NBA coaches' union says Orlando plan could 'severely jeopardize' future jobs
The National Basketball Coaches Association fears new league standards and guidelines that could bar team staffers in high-risk categories for the coronavirus from attending the NBA season's restart in Orlando, Florida, could "severely jeopardize" their future employment opportunities.
NBCA executive director Dave Fogel and president Rick Carlisle have concerns that several assistants and three head coaches -- Houston's Mike D'Antoni (69 years old), New Orleans' Alvin Gentry (65) and San Antonio's Gregg Popovich (71) -- could be restricted from leading their teams and some could face considerable challenges in resuming their careers.
"The health and safety of all NBA coaches is our main concern," the NBCA told ESPN in a statement. "However, we are also concerned with a coach's opportunity to work and to not have their ability to secure future jobs be severely jeopardized. The league assured us that a coach will not be excluded solely because of age.
"We feel the medical review process is designed to flag only those individuals who pose significant threats of substantial harm to themselves that cannot be reduced or eliminated by the NBA's considerable steps to create a healthy and safe atmosphere in Orlando.
"Adam (Silver) and the NBA have created a situation in Orlando that is likely far safer than in our coaches' home markets. Absent a significant threat, we believe a coach should be able to understand and assume their individual risks, waive liability, and coach in Orlando."
Warren LeGarie, the agent for D'Antoni and Gentry, told ESPN on Wednesday: "I hope there is a basketball solution to this issue rather than a legal one."
The 113-page health and safety protocols sent to teams late Tuesday outlined a multilayered process for the identification and potential "protection" of team employees designated as higher-risk. All team staffers will fill out a questionnaire regarding individual risk factors, including: asthma; heart problems; ongoing cancer treatments; smoking habits; a body mass index above 40 as a measure of obesity; kidney or liver diseases; and other indications of a compromised immune system.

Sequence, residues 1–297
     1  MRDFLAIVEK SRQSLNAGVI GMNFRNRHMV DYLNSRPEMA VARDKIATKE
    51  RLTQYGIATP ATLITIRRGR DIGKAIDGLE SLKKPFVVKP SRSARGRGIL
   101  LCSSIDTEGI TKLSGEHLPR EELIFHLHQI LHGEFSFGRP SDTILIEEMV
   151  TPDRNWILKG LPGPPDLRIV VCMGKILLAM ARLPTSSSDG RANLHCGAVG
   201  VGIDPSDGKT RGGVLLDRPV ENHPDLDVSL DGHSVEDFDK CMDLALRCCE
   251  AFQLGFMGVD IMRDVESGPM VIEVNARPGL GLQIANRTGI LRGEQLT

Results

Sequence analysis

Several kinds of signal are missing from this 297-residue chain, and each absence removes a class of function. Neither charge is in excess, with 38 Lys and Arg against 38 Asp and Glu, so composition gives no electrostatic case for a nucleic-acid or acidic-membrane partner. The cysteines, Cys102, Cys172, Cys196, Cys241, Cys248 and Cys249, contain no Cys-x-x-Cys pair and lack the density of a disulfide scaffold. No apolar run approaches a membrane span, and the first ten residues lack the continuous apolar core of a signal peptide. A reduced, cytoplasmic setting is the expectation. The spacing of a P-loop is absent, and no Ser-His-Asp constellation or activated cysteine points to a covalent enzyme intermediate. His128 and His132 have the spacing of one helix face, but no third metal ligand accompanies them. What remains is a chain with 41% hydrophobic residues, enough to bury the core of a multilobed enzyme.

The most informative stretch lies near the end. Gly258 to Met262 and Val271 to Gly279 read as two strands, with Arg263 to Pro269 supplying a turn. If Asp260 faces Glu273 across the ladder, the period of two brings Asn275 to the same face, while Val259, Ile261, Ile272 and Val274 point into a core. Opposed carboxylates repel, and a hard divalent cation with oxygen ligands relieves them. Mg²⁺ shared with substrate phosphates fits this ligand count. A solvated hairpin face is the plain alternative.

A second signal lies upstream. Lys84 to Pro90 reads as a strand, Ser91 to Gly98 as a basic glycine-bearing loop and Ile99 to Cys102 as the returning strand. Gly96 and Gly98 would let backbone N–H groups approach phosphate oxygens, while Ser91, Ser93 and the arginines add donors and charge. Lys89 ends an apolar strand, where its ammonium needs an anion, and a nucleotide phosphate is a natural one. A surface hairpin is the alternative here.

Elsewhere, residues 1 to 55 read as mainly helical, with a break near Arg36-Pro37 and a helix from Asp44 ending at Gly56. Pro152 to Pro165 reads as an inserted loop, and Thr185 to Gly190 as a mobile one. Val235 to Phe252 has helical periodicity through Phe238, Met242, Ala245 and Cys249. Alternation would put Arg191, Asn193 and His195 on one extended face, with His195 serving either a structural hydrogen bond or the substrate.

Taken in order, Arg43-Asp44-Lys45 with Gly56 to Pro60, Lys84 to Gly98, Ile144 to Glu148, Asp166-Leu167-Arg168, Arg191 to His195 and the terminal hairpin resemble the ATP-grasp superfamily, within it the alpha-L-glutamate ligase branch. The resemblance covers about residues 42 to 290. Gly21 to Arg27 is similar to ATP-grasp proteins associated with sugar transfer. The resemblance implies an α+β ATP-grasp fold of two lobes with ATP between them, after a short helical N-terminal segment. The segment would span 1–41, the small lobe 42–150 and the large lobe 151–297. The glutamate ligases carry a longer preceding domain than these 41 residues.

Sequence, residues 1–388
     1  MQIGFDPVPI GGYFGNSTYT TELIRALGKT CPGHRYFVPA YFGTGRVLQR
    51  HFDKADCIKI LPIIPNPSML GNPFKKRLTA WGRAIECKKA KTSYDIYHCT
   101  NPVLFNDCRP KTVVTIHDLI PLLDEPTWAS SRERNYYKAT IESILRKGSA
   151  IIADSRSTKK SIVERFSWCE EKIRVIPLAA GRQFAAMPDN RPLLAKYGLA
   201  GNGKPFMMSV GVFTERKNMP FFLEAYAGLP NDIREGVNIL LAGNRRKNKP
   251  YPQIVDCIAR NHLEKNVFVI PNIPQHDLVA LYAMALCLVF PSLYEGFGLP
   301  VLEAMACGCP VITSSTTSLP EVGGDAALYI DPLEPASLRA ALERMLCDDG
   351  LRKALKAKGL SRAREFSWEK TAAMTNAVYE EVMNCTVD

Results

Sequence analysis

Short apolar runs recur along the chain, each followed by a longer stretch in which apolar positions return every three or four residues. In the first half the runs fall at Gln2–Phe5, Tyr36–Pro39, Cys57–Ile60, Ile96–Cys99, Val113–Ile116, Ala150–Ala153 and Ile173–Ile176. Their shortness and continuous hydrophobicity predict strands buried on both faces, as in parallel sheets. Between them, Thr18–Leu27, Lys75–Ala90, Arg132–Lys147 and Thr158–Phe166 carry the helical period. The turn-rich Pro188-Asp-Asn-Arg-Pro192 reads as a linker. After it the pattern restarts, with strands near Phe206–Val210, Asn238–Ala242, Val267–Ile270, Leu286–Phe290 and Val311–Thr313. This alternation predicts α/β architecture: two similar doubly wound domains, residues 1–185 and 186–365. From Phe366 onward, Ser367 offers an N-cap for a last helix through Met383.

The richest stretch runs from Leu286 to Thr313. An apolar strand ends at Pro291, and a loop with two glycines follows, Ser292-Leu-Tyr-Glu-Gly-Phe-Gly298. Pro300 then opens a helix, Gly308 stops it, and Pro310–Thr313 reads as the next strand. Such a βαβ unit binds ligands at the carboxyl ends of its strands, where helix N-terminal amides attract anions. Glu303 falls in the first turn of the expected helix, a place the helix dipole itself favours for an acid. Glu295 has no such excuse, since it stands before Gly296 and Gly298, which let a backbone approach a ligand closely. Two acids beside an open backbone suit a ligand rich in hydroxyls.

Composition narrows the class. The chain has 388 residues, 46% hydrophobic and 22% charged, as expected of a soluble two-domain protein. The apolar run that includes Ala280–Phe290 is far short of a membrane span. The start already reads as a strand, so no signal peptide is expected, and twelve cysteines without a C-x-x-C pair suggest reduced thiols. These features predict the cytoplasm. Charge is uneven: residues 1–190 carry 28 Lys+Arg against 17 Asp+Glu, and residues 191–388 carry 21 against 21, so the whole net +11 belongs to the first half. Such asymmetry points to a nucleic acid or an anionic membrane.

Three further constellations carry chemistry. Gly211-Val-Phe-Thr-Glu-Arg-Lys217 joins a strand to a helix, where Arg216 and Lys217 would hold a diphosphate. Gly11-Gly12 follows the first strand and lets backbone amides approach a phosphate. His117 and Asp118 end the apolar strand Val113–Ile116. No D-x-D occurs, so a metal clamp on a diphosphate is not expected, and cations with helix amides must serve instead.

A doctor selected by the team must review each questionnaire. The staffer must then provide a letter from a doctor -- which could be the team doctor, or the staffer's personal doctor -- clearing that person to attend in Orlando, the protocols state. If the team designates any staffer as "higher-risk," that staffer must also obtain letters from relevant specialist physicians.
Even if a "higher-risk" staffer satisfies those requirements -- and receives approval from his or her team to go to Orlando -- the league, per the protocols, can flag that person and have him or her undergo a second review with "one or more physicians appointed by the NBA." If that doctor or panel determines the staffer "would present a direct threat to his or her health" in Orlando, the league can prohibit that person from going, according to the protocols.
The doctor's decision "will be final, binding, and unappealable," the protocols state.
D'Antoni recently shared the same medical information that league doctors would evaluate with an independent doctor in Houston and was given clearance to coach the Rockets in the Orlando restart, sources said.
The "direct threat" language is at the heart of the league's apparent belief that it can bar higher-risk individuals without running afoul of the law. In a memo released last month in conjunction with the coronavirus pandemic, the U.S. Equal Employment Opportunity Commission concluded employers may exclude employees if their attendance at work "poses a direct threat to [the employee's] health that cannot be eliminated or reduced by reasonable accommodation."
The EEOC and other legal experts consulted by ESPN have said "reasonable accommodations" related to the coronavirus could include several of the measures the NBA has taken to make Orlando safer: social distancing; mandatory wearing of masks in many circumstances; strict quarantine rules; frequent testing; and cleaning and disposal of items. Some legal experts cautioned that the presence of such safety measures could cloud the NBA's ability to meet the "direct threat" standard -- which is generally considered a high threshold. The coaches' association cited those measures directly in its statement.
Employers must also consider the severity of the staffer's health issues, and the level of the pandemic in the area in which the work will take place, per the EEOC. Coronavirus cases are rising in the Orlando area.
Legal experts said the NBA could enter another legal gray area by arguing any higher-risk staffer might post a "direct threat" to others in Orlando based on the possibility that anyone likely to get more sick is also more likely to become more contagious. The league does not appear to have mentioned any potential threat to others in its health protocols.